A future war with North Korea remains a possibility and now U.S. military planners have war-gamed that scenario and arrived at nightmare-level casualties.
The casualty numbers of 10,000 dead service members, and more than a hundred thousand dead civilians, came after a large-scale war game conducted by U.S. Pacific Command, The Washington Times reported.
Fox News and other media, meanwhile, are reporting that North Korea leader Kim Jong Un is offering concessions to a South Korea delegation that has finished a two-day visit to the brutal but isolated regime.
Bob Maginnis, a national security analyst with the Family Research Council, says the worrisome casualty estimate of U.S. service members is likely a worst case scenario that includes assumptions about the regime.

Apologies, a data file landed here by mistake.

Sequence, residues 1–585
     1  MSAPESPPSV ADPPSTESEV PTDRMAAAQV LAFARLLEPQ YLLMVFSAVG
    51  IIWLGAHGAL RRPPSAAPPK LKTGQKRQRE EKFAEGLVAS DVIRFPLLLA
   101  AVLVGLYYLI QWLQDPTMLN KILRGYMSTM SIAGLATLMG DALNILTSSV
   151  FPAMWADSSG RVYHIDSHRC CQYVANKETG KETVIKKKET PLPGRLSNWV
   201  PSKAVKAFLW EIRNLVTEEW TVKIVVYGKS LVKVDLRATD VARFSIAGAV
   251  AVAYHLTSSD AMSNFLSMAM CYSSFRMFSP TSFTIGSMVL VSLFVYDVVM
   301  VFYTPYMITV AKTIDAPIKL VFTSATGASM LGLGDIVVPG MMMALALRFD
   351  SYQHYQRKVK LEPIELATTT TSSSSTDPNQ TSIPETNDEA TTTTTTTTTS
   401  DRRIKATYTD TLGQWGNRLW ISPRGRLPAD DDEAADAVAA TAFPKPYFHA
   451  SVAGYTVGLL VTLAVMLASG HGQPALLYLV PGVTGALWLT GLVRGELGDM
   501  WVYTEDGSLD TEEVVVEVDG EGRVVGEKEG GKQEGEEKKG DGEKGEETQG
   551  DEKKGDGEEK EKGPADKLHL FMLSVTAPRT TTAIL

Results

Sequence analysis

"Those assumptions could be that the regime has plenty of time to deploy uses all of its ordinance," he observes. "A host of other things could be factors in just how many casualties we would incur."
Yet the estimate of civilian casualties is not surprising, Maginnis says.
The danger to Seoul is an ongoing concern, since the city sits aproximately 35 miles from the demilitarized zone and North Korean artillery can shell the city of nine million people in the opening minutes of a war.
"And so there will be a lot of men, women, and children killed in their homes," Maginnis predicts.